Garrus swore and began to lunge after him—and then just as abruptly stopped as a scene flashed across his imagination. “So, Shepard, you know that little animal that you dote on unreasonably, that is one of your painfully few escapes from the realities of leading a horrifying and possibly unwinnable interstellar war? Yeah. I stepped on him and squashed him flat.”

He proceeded more carefully. Boo had fled half a meter and was currently crouched under Shepard’s desk, with a surprisingly wary look from something that was basically a fuzzy ball with feet. Garrus hunkered down, moving slow, and extended his hands. “Hey, little guy,” he said. “Hey, hey. C’mere.”

Boo hesitated, nose twitching as he sniffed the air. With the same exquisite care he used on his rifles, Garrus extended his hands a millimeter at a time, closer and closer, closer and—

“Gotcha!” he said, closing his fingers…

…around thin air, as once again the hamster made a physically improbable vertical leap and then bounced like a hyperactive rubber ball into the back recesses of the desk.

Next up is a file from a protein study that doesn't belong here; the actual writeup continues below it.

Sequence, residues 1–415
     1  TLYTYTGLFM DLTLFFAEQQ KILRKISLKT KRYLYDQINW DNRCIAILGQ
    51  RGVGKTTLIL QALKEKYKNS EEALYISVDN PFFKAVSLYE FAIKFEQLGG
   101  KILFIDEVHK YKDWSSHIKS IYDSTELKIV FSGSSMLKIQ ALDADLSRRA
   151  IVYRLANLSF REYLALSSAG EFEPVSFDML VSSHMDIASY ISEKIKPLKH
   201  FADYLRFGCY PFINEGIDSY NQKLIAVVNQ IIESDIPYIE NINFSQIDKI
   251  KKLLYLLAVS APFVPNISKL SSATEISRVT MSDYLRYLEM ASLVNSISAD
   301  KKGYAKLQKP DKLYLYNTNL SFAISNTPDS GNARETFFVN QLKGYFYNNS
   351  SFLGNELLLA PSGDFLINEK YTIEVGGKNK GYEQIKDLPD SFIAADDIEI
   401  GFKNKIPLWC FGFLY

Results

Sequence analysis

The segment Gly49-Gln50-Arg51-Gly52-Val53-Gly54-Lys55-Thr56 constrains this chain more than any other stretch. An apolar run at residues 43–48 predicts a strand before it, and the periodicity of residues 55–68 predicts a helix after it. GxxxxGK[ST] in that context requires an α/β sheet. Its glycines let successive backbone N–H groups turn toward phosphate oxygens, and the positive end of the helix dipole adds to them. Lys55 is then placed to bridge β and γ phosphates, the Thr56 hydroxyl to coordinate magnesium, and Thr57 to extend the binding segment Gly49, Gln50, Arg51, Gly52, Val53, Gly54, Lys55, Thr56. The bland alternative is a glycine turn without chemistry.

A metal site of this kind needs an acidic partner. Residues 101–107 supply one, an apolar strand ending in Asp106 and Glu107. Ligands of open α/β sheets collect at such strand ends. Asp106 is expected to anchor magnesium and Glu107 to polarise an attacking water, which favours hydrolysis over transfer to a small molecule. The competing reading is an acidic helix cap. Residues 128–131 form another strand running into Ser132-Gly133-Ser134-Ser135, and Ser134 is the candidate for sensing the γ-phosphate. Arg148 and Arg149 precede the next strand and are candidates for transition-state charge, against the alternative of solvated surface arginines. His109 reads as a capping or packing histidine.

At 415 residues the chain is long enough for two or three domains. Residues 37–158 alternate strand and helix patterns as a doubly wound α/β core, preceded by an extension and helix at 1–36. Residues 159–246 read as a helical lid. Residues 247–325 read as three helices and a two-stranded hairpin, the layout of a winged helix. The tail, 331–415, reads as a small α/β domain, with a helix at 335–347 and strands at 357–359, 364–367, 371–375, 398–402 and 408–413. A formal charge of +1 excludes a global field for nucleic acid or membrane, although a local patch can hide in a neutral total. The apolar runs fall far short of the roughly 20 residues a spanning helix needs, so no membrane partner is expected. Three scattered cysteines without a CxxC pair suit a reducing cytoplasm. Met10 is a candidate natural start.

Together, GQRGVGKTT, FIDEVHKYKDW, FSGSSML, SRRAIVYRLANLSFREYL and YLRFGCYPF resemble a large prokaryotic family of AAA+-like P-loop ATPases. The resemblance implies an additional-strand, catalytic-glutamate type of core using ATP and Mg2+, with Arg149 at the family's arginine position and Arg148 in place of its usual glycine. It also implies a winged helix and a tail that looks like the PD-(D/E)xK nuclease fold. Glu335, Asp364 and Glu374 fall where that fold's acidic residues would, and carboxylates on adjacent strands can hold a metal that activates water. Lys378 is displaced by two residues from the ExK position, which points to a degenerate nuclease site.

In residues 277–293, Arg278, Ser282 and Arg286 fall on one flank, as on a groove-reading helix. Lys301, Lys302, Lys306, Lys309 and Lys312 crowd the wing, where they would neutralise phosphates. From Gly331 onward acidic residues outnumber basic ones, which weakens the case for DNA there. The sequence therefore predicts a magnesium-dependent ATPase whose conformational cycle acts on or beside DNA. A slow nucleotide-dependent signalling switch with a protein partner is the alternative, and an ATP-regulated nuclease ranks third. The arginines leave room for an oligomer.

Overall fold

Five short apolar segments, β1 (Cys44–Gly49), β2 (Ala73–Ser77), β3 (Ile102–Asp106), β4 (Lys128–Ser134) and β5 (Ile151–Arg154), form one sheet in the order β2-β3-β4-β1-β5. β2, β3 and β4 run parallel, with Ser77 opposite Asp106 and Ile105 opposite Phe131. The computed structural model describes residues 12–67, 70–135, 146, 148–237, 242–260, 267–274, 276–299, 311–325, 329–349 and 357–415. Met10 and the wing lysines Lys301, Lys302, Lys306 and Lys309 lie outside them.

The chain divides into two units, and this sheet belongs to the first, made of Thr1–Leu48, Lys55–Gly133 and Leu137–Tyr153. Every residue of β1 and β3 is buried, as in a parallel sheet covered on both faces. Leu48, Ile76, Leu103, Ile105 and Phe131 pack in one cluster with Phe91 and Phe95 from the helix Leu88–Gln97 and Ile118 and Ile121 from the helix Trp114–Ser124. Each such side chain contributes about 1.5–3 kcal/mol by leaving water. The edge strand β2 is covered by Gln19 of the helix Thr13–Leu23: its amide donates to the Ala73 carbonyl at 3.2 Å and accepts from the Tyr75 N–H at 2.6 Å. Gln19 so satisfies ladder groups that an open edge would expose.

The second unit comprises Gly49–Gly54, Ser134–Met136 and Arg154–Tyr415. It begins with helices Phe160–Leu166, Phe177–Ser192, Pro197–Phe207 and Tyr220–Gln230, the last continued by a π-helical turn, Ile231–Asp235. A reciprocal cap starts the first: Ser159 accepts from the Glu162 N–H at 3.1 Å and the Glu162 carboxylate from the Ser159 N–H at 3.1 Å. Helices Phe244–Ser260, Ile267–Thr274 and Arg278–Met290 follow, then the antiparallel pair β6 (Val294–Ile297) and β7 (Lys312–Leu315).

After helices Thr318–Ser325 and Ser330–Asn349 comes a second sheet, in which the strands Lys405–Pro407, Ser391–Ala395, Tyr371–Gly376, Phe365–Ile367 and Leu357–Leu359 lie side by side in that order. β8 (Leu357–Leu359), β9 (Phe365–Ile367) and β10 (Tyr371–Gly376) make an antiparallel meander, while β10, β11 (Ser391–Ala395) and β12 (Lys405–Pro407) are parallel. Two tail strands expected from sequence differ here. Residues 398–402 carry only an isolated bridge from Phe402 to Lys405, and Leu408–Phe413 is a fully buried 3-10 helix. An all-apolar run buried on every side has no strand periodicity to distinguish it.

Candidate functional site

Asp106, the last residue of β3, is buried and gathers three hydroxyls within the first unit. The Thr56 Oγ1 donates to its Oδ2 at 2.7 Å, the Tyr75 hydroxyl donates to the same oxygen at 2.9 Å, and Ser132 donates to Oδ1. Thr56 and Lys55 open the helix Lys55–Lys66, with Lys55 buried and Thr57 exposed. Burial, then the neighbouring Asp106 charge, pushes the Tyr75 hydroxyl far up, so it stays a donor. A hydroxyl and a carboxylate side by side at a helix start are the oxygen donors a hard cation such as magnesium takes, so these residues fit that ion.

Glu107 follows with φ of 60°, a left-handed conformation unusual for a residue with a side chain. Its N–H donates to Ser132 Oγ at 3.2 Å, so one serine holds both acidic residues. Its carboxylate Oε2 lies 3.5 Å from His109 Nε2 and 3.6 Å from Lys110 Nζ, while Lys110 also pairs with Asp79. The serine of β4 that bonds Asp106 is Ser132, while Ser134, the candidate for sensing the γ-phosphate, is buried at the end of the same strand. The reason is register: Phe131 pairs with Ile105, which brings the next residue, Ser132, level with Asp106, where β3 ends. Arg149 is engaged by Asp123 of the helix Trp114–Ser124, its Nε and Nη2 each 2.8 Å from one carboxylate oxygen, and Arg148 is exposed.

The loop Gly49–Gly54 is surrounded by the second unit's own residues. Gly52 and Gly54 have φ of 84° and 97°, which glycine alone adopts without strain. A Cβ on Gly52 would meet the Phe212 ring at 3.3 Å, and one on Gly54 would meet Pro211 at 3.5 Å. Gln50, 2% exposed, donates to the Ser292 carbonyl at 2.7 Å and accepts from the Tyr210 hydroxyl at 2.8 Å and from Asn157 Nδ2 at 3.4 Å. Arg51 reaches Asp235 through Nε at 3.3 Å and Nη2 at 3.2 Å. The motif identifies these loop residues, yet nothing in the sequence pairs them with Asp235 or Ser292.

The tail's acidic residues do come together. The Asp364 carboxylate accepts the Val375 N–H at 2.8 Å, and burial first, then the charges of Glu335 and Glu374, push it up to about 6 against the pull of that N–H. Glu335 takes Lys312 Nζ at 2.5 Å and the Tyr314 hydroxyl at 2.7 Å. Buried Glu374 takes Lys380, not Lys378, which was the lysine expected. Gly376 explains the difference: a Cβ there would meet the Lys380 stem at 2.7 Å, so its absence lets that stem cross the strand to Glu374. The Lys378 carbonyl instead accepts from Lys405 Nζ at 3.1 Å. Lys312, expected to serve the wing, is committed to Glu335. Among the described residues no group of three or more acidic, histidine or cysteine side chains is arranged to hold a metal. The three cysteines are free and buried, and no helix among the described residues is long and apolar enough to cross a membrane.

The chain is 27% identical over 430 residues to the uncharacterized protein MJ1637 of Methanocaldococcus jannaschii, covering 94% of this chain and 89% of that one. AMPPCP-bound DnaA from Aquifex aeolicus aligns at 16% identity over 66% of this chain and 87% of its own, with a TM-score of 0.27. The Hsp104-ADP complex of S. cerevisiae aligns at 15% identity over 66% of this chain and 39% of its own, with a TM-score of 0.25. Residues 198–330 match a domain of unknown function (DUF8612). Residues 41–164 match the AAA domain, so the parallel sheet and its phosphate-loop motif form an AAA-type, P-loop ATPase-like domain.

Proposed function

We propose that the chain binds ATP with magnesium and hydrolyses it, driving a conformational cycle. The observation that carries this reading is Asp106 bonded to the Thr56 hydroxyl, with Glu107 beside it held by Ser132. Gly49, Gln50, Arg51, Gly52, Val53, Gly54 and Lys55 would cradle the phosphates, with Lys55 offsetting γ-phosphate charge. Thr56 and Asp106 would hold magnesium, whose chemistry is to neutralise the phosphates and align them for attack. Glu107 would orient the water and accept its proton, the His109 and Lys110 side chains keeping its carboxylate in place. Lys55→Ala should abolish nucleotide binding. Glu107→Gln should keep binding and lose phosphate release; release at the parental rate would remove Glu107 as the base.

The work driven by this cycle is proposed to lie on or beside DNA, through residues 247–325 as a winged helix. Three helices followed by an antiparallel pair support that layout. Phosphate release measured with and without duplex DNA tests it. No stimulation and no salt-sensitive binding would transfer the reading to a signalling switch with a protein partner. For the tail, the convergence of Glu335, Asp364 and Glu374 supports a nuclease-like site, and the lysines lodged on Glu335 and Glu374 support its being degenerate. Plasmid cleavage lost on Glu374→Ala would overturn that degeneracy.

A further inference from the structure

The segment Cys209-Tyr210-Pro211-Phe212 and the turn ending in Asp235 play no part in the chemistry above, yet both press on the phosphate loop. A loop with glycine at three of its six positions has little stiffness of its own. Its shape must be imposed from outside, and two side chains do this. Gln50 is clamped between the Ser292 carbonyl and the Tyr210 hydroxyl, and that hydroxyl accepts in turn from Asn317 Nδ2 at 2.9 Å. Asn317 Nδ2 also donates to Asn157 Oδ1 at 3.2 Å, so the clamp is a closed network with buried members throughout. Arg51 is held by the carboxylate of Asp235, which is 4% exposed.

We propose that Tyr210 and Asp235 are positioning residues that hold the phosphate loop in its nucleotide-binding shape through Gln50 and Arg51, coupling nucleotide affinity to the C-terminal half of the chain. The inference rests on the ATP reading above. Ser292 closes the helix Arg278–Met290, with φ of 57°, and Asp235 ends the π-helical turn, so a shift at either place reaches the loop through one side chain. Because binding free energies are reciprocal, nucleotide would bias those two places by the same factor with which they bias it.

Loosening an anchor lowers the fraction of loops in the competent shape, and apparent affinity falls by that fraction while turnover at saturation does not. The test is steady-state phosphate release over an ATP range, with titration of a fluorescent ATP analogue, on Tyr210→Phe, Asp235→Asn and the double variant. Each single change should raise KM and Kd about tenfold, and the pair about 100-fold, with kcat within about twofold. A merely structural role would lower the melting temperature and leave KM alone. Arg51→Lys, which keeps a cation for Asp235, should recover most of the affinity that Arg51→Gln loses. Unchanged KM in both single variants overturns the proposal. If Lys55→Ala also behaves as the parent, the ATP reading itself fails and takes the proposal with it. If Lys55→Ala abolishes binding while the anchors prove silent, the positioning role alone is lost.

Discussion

Garrus sat back, staring into the dark. His visor wasn’t really designed for Earth biometrics, and especially not small and useless domestic mammals, but he could make out a shimmer of life sign readings… and a pair of gleaming black eyes that seemed to be mocking him.

Tali was testing out a self-optimization algorithm on the Normandy’s drive core simulator when she got the buzz from Garrus—on her personal comm, this time, rather than over the ship communicators. She didn’t think much of it, though, as she keyed in and said, “Garrus, hello.”